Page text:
In the wake of 2017’s devastating hurricanes, the NIEHS Worker Training Program (WTP) is helping protect the health of workers and volunteers exposed to mold, chemical contamination, and other hazards (1MB) . “We are part of the larger federal response through the National Disaster Recovery Framework ,” explained WTP Director Joseph “Chip” Hughes Jr.
WTP includes grants and resources to equip workers with the knowledge, skills, and tools to protect themselves when handling hazardous materials. Grants support a national network of organizations that develop and deliver training.
Muck and gut
Once floods subside, wet and contaminated materials are removed from homes and buildings in a process called muck and gut. Widespread flooding, such as Houston experienced after Hurricane Harvey, may carry biological and chemical contaminants.
The World Cares Center (WCC) trained workers who would be mucking and gutting in Houston. WCC is part of the New Jersey-New York Hazardous Materials Worker Training Center, a WTP awardee. “We began to train groups deploying in response to Harvey pre-landfall, in the greater New York area,” said Lisa Orloff, who founded WCC after the Sept. 11 attacks.
“Disaster response is challenging at best, with a vast ecosystem of responders, from workers and survivors who step up to help, to nonprofits and government agencies,” she said. “Being a part of the NIEHS family has provided critical support to the grassroots communities WCC serves.”
Mold and health
Molds may release mycotoxins, which can be blocked by coveralls, gloves, respirators, and other personal protective equipment (PPE). Inhaling, ingesting, or absorbing mycotoxins through the skin can lead to symptoms that range from eye and nose irritation to inflammation and scarring of the lungs, according to WTP.
As parts of Houston were still underwater, the International Chemical Workers Union Council (ICWUC), another WTP grantee, provided mold removal training in two North Carolina counties still recovering from Hurricane Matthew’s floods in 2016.
WTP Public Health Educator Demia Wright explained that the Sept. 6-7 training was planned long before Hurricane Harvey struck. “Local entities [in North Carolina] realized the scope of the mold problem and the need for additional expertise,” she said.
The following week, Wright, Hughes, and others headed to Texas. “The mission assignment from the Department of Health and Human Services is to assess training needs and develop a plan,” said Wright. “With their networks in place, WTP grantees initiated training just two weeks after the disaster struck.”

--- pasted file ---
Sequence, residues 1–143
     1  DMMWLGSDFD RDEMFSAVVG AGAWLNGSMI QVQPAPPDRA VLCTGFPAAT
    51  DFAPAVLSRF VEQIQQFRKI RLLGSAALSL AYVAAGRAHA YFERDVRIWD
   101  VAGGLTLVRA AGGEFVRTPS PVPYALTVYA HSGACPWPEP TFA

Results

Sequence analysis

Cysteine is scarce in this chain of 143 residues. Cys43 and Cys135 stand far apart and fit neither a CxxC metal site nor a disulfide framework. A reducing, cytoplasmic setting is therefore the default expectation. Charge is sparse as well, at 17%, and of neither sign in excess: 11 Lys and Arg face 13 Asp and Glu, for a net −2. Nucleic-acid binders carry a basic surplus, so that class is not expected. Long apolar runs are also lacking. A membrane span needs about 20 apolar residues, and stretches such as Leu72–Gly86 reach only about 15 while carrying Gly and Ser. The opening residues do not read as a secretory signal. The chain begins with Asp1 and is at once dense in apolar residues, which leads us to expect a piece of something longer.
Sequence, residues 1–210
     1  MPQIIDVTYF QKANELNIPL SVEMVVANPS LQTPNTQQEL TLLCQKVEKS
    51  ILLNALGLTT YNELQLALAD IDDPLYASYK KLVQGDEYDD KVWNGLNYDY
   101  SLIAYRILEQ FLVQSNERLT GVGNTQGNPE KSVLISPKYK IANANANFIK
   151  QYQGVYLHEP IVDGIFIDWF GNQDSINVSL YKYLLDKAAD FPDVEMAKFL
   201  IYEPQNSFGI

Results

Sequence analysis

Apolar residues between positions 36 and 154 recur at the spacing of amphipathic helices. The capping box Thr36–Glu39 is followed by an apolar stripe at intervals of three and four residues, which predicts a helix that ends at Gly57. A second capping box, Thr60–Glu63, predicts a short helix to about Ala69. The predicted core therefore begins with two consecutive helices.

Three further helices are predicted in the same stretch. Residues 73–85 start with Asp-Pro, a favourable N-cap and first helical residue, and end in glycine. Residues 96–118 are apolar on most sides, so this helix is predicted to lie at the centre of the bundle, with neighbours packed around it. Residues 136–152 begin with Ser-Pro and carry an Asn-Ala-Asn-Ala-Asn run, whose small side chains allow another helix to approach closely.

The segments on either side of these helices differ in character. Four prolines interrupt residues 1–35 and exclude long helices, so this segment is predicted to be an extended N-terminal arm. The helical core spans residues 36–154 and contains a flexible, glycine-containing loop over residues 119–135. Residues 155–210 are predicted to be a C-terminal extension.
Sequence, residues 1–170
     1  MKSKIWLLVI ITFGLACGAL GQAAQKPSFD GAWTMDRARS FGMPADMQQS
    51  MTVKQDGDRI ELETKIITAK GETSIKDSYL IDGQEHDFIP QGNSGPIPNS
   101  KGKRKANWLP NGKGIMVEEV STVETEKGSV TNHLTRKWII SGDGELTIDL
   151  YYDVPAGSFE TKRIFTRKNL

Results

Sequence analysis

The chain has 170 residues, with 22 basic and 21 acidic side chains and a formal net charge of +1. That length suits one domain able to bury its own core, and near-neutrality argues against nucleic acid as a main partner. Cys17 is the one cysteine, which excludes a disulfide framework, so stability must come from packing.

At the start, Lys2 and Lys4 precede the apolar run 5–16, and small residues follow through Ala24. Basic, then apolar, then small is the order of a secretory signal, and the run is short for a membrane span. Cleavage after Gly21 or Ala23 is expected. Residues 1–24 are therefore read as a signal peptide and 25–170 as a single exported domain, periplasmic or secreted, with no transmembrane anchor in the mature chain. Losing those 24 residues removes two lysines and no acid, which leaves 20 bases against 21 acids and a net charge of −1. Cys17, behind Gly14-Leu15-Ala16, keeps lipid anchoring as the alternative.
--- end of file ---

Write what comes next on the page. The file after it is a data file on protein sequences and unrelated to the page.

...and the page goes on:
ICWUC delivered a three-day Train-the-Trainer course, collaborating with local worker center Fe y Justicia . “The group targeted those who could train day laborers, faith groups, volunteer groups, and residents,” Wright said. “Not all of them know how to protect themselves from the risks.”
Resources — equipment, curricula, networks
Networks also came through for the Texas-Utah Consortium for Hazardous Waste Worker Education and Training. The University of Utah sent partner University of Texas Health Sciences Center at Houston (UTH) a shipment of 1,000 N95 respirators, which fit the face very closely and filter fine particles.
By the third week of September, 800 people had received the respirators, along with training on how to use them, according to Janelle Rios, Ph.D., from UTH. Materials from the WTP Clearinghouse (see sidebar) were also helpful. “The clearinghouse has been absolutely fabulous,” she said, highlighting two booklets offered in both English and Spanish — “Mold Cleanup and Treatment” and “Protecting Yourself While Helping Others.”
Mitchel Rosen, Ph.D., said local community connections are invaluable in Puerto Rico. Hurricane Maria was the second hurricane to hit the island in two weeks. The Rutgers University Office of Public Health Practice , which Rosen directs, houses the New Jersey-New York Hazardous Materials Worker Training Center. Puerto Rico’s Universidad Metropolitana is a long-time partner on that grant.
“Providing resources to implement quickly on an island is much harder,” Rosen said. Without electricity and internet, materials in the clearinghouse were unavailable. “Irma took out 70 percent of the power,” Rosen said. “And Maria took the rest.”
Rosen emphasized that once they are able to get to work on the island, resiliency training(https://tools.niehs.nih.gov/wetp/index.cfm?id=2528) will be essential. “Individuals dealing with these disasters on a personal basis, and as a volunteer or worker, really need to protect their mental health,” he said.
Rosen flew into Houston on September 11. “Being from the New York-New Jersey area and flying into a disaster on September 11, it’s abundantly clear that you need to have these tools in your toolbox to deal with the emotional side of things.”
“It’s all about relationships,” he emphasized. Trusted partnerships — with health departments, faith leaders, and community groups, for example — make for a faster start. “They need to be in place ahead of time because they can’t be developed on the fly,” he said.